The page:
I was in Europe this year, and kept running into “Frederick Douglass spoke here” plaques. I didn’t see any in Ireland, though there are plenty of Daniel O’Connell commemorations. Turns out the two men had a very complicated relationship through the 1840s. Salon documents it and the Irish/American/Negro complications that came out of the troubles Ireland faced at that time.
Frederick Douglass’ four-month Irish sojourn – he traveled to Dublin, Cork, Limerick and Belfast in 1845, part of a two-year stay in the United Kingdom – has long fascinated historians and others who care about human rights. Douglass crossed paths with the great Irish “Liberator,” Daniel O’Connell, a champion of his own people and also an abolitionist, who the younger leader praised as a mentor and an inspiration throughout most of his life. He flourished in Ireland, where he was seen as a man, not “chattel.” Mixing with intellectual elites, he – and they – realized that the auto-didact and former slave could more than hold his own. A statue of Douglass stands proudly in Cork’s University College today.
“I can truly say,” he wrote to his abolitionist ally (and sometimes antagonist) William Lloyd Garrison, “I have spent some of the happiest moments of my life since landing in this country, I seem to have undergone a transformation, I live a new life.”
Yet comparatively little is known about what Douglass thought and felt about the most pressing Irish issues of that time – the fight to repeal the Act of Union with Great Britain, which had stripped the native Irish Catholic majority of many rights, and the gathering storm of the catastrophic potato famine. In the years around his visit, famine or its attendant diseases killed at least a million Irish and sent two million more fleeing the country. The potato blight was only a rumor and a worry when Douglass visited Ireland in 1845, but it was a crisis by the time he left England in 1847 to return to the U.S. How could such a towering human rights figure remain silent on the catastrophe, as it seemed he had?
via Frederick Douglass’ Irish sojourn: A bracing look at his encounters with poverty and prejudice across the Atlantic – Salon.com.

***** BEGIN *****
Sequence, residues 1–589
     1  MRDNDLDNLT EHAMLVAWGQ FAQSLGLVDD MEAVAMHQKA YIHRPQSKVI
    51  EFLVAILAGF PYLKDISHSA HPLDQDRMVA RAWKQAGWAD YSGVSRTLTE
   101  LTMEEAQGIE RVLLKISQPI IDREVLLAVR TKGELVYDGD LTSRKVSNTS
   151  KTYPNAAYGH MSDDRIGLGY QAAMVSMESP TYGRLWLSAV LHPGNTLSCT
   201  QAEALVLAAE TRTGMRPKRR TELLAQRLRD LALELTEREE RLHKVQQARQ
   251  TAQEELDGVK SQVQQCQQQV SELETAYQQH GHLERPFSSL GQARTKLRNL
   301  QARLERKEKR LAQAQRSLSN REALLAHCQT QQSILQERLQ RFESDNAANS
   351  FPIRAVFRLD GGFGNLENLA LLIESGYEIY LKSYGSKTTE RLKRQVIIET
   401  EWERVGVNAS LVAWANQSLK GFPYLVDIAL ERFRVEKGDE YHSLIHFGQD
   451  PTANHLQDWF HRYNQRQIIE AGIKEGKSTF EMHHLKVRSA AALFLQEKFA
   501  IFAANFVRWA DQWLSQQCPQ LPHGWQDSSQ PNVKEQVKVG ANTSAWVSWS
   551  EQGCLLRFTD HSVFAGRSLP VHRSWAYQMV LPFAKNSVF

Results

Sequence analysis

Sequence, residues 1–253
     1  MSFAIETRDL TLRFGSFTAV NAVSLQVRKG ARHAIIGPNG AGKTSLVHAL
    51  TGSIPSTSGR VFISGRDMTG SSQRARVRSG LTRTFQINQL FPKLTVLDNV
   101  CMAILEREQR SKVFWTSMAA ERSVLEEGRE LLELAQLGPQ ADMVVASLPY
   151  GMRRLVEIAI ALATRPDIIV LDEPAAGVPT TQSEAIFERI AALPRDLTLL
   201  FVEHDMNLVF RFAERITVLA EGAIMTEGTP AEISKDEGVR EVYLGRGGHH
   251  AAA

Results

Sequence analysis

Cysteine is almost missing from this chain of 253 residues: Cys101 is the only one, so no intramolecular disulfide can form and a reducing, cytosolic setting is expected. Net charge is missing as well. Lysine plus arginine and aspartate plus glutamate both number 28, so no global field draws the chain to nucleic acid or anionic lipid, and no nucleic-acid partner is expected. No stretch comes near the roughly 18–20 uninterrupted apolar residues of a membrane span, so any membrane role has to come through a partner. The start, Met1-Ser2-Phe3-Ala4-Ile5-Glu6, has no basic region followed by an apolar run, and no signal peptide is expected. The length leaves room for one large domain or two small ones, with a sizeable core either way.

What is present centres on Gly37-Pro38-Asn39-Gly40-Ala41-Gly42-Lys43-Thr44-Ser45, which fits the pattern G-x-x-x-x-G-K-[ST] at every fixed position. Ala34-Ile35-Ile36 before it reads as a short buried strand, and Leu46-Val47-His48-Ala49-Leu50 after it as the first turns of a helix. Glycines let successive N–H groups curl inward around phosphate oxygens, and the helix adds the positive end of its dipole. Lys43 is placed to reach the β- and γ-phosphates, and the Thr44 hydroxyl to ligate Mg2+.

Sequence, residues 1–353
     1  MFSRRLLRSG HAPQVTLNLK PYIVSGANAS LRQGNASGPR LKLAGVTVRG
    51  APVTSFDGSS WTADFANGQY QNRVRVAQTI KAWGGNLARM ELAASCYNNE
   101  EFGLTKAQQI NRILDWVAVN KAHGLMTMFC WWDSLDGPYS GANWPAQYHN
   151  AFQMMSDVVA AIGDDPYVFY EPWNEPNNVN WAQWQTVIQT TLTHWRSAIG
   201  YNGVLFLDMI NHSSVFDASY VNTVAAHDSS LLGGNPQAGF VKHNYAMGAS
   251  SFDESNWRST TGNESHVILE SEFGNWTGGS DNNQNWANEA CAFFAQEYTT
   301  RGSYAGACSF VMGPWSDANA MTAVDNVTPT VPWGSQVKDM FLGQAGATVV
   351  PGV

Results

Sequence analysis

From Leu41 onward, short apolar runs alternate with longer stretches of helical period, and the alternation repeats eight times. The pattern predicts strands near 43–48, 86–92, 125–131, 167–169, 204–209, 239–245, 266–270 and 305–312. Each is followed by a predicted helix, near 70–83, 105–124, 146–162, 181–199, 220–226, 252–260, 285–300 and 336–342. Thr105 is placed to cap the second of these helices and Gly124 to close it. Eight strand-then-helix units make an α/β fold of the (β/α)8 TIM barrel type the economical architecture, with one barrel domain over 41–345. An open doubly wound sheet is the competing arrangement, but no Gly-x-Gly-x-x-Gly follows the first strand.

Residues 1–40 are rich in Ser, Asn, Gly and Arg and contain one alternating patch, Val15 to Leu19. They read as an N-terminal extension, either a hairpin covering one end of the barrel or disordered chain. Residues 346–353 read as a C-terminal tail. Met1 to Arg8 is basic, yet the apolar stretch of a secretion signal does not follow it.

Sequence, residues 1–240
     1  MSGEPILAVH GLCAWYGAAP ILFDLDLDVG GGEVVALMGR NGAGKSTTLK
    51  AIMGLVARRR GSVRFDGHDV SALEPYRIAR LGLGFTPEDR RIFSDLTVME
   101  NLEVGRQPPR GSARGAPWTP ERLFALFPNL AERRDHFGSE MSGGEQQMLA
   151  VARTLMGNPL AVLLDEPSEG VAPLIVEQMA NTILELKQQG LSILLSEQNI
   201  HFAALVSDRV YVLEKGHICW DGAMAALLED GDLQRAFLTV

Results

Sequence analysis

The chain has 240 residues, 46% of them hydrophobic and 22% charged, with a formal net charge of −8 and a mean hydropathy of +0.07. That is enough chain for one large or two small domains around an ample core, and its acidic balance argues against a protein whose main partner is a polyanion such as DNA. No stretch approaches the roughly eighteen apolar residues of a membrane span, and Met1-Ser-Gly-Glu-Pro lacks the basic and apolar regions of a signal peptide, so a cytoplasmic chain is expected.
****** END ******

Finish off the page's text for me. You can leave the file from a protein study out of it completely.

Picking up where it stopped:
I wasn’t much of a fan of Lincoln, but thoroughly enjoyed Tommy Lee Jones in it. His portrayal of Thaddeus Stevens stole the (dull) show, but this article suggests Stevens’ influence in the Amendment talks was nowhere near as great as the film would have us believe.
For the sake of simplicity, the film also makes Thaddeus Stevens the central radical figure organizing the amendment’s passage, even more so than the measure’s sponsor, Ashley. This is not how many historians characterize Stevens’s role. He was an important figure, but probably not the central one in securing passage of the Thirteenth Amendment. Stevens had only four index entries in Doris Kearns Goodwin’s Team of Rivals (2005), a nearly 800-page book from which the screenplay was adapted. Stevens plays a somewhat larger role in Michael Vorenberg’s more compact Final Freedom (2001) with seven index entries but even there he is clearly superseded by other figures such as Ashley and Senator Lyman Trumbull (R, IL), who is not even mentioned in the film. The latest and most comprehensive study of wartime abolition policies –James Oakes’s Freedom National (2012)– contains a mere six index entries for Stevens.
By contrast, Stevens (Tommy Lee Jones) has about 45 speaking parts in the Spielberg film, apparently second only to Abraham Lincoln(Scene 17). He looms large as a counter-weight to the president –Lincoln’s near opposite in both style and policy. Their confrontation in the White House kitchen is one of the movie’s most pivotal scenes and also arguably one of its most historically implausible. Besides the unlikely setting, scriptwriter Tony Kushner seems to be investing many older –and quite hostile– ideas about Stevens into this conversation which contrasts Lincoln’s calculated, pragmatic approach to Stevens’s rigid, ideological worldview. He actually has Stevens / Jones saying at one point, in defense of his sweeping plans for revolutionizing the South, ”Ah, shit on the people and what they want and what they are ready for! I don’t give a goddamn about the people and what they want! This is the face of someone who has fought long and hard for the good of the people without caring much for any of ‘em.”
via Blog Divided » Post Topic » How the “Lincoln” Movie Reconstructed Thaddeus Stevens.
Someone posted scans of this pretty antislavery primer from 1846. I hadn’t realized “brother” was in use that long ago.
Photo Album – Imgur.
In the rush to get my podcast finished, I forgot all about The Abolitionists – a new American Experience 3-parter which begins tonight. I doubt this will be as lovable as Ken Burns’ work, or even as accessible as Death and the Civil War – as this review reminds us, the Abolitionists were a prickly lot. That said, there’s no denying the effect they had on society. As one of my favourite quotes goes, “a crank is a small instrument that makes great revolutions.”
This is an in-your-face set-up with the Abolitionists themselves coming across as harsh, strident and even anxious to carry their feelings into acts of rioting and violence not formerly hooked to the abolition wagon.
via ‘The Abolitionists’ begins January 8 on PBS: Frederick Douglass to John Brown | Washington Times Communities.
I’ve been reading more about John Brown’s Raid, and came across this first-hand account. The author, Osborne Perry Anderson, was the only surviving African-American who took part in the raid. Google has provided scans of the original book in its entirety (isn’t the Internet great?) I’ll add it to The Library.